2. I would love to do this, once with a male customer and again with a female. Some stores the service would be no different, but others would be two totally different experiences.

  3. I’m probably gonna get some backlash for this comment and I do realize I’m generalizing here but in this case, my generalization is based on my direct observations and conversations I’ve had with the owners.

    Most store owners in TO seem bitter to me… or at best disgruntled. However, I don’t blame them cause I probably would be too. Some are better than others but these people as a group are not happy campers. Please note I’m not suggesting they are bad people (or good) but many are under stress.

    I suspect it has something to do with the state of the union. The market is filled to the brim with products and competition but not enough demand to absorb it all. Their future prospects don’t look bright and what options do people who’ve been in the biz for so long have other than to ride it out. Rent is expensive but they could use more space to properly represent the slew of products out there so it ends up being a balancing act. Most are getting rid of their back issue inventory to make room for the products that sell which means completionist like me are finding it more difficult to fill gaps in my runs. As well, I refuse to pay more than a $1 for a 80s filler book so why should they support people like me. Many stores are small and/or packed with products which work against the overall experience but necessary to snag a sale. Most stores represent mainly new books augmented by related merchandise so their knowledge is limited to current stuff. They don’t troll through eBay like I do so many are out of touch with reality when it comes to back issues, having to heavily rely on the “guide”. I count only 3-4 stores that I would consider busy on a Wed. The rest are surprisingly empty. Location is a big factor but also the ones that are busy try hard to maintain relationships with their customers. I counted 6-7 stores that shut their door since 2009 which pretty much sums it up.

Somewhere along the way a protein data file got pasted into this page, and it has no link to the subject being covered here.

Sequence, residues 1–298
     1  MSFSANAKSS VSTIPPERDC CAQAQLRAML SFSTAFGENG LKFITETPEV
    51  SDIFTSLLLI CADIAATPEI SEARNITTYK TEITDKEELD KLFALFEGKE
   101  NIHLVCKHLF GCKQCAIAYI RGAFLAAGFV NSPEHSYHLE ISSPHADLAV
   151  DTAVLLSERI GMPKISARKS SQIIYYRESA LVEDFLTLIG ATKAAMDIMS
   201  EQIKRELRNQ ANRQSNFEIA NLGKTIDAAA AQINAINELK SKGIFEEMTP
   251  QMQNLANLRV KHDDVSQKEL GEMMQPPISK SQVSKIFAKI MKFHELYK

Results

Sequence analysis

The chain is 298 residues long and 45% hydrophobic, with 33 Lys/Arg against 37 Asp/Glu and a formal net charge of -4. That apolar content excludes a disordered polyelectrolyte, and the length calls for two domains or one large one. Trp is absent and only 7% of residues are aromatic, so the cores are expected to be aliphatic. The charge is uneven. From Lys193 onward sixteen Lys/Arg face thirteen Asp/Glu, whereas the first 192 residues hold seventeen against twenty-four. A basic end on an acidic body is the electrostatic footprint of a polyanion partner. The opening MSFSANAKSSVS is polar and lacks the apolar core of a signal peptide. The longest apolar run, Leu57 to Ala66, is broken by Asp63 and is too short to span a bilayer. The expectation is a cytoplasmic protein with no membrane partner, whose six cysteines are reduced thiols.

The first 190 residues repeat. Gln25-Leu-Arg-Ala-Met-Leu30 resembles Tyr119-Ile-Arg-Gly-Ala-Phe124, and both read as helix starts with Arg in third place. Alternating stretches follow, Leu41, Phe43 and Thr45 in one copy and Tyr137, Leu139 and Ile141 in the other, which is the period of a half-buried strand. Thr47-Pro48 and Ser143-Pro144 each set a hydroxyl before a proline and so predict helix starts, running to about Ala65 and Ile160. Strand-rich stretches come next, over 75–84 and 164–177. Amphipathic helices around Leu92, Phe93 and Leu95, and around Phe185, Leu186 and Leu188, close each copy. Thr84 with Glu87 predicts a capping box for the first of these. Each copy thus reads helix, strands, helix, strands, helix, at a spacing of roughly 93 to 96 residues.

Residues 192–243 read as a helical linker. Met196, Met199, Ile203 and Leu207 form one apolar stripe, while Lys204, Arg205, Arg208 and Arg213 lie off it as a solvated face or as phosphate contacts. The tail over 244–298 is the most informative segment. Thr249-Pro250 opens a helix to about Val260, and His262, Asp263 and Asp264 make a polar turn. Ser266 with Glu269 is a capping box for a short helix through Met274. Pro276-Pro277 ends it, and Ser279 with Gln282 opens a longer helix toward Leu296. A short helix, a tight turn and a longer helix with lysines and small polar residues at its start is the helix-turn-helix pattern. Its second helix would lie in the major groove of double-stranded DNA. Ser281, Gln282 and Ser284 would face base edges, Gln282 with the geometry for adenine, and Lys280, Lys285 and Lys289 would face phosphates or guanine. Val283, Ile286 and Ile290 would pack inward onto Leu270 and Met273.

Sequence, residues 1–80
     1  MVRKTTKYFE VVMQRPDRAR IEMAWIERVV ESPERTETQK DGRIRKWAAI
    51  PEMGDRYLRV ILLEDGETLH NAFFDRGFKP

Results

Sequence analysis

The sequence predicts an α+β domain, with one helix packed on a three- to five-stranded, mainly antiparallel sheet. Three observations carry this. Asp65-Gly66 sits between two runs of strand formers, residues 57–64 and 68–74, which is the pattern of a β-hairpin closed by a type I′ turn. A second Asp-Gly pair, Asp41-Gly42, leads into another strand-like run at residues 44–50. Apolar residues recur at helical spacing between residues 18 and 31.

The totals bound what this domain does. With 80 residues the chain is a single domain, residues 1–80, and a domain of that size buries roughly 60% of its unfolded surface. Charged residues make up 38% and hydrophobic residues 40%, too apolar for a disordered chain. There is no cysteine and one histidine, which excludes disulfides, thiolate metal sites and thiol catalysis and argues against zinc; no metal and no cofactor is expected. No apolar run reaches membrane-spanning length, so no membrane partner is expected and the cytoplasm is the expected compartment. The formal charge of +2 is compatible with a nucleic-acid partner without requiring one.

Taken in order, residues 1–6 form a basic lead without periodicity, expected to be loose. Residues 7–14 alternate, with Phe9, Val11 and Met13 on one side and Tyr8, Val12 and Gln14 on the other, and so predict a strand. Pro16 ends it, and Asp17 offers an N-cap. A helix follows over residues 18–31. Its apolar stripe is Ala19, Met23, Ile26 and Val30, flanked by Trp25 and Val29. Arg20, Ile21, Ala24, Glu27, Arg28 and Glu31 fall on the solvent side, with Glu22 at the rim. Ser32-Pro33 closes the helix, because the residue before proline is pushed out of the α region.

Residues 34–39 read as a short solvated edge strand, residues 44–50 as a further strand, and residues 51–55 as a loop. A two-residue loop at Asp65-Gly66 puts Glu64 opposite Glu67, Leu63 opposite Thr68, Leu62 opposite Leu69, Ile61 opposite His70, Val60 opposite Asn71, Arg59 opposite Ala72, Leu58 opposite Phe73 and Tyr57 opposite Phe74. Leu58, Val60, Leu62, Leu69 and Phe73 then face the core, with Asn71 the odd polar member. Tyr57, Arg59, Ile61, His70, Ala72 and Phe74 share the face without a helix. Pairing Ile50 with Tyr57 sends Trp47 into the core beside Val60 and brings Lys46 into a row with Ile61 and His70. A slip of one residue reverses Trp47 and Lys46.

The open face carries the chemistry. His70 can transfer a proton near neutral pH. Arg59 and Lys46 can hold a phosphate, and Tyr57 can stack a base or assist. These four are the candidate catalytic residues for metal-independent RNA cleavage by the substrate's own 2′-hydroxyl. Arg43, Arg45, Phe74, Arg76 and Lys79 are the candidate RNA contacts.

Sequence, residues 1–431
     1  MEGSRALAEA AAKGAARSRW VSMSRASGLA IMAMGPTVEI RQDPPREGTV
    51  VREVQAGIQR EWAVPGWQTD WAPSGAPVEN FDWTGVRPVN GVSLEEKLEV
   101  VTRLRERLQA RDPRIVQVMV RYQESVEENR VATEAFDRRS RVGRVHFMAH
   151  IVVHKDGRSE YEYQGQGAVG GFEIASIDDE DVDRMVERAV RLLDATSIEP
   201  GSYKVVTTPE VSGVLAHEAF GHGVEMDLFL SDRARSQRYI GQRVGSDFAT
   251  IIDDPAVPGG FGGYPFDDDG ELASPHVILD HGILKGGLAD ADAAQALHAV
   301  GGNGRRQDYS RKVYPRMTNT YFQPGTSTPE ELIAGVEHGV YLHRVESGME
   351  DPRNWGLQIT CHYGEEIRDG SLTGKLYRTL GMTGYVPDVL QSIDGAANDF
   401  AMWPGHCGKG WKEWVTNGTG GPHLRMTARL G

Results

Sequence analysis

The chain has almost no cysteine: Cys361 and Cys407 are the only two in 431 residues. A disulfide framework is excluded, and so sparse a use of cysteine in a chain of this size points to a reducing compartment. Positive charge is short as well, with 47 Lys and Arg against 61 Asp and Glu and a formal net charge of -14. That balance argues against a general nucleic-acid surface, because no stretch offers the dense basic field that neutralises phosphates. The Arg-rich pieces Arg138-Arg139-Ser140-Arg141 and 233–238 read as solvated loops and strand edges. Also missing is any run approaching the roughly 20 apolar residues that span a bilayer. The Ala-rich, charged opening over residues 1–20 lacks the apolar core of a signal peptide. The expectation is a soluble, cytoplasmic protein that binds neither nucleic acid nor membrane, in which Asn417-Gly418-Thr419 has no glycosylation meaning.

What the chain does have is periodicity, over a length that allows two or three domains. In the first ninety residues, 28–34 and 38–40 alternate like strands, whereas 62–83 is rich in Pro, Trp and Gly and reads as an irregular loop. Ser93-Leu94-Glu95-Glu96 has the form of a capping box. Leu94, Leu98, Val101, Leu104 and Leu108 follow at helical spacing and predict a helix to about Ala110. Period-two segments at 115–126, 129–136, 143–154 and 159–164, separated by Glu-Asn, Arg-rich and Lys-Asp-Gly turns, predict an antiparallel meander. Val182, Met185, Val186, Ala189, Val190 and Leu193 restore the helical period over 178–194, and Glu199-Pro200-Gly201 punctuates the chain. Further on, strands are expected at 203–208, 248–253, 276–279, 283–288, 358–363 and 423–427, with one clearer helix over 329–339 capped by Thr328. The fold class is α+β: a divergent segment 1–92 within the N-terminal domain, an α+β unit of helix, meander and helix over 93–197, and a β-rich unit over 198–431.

Is there hope for the retail market? Emotionally I’d like to say yes, but logically I’m not convinced. Despite being the biggest city in Canada, it could simply be that Toronto can’t support so many stores.

    So, with my rambling as a back drop, I want to high light 2 stores who I feel have gotten a bum deal due to factors outside of their control. Comics and More on the Danforth and Excalibur Comics on Bloor near Royal York are not the best stores based on Scotts criteria, but they work hard and get top marks from me for making an effort. They don’t have the best selection or the best knowledge but they keep their stores organized and are doing their best. I encourage everyone to pop in if you’re in the area and pick up a few books from them. Just for the record, these guys aren’t my buddies or anything but I respect people who care and I believe that effort should be rewarded. Much better than basement guy who responds to all my attempts to start a conversation with snarky sarcasm and expects his customers to decipher a cryptic ordering system and move 50lb boxes to get at the back issues. Unreal.

    I still like the Beguiling as well. I love seeing all the art on their walls and I love their selection of rare hard to find indy books downstairs. I wish I was rich so I could buy more of their books… which could happy this weekend once my six lucky numbers rolls in. Come on big money… daddy needs a new iPhone!

  4. I cannot wait to see the results! Review Big B first! I’ll even let you take things out of the shrink wrap!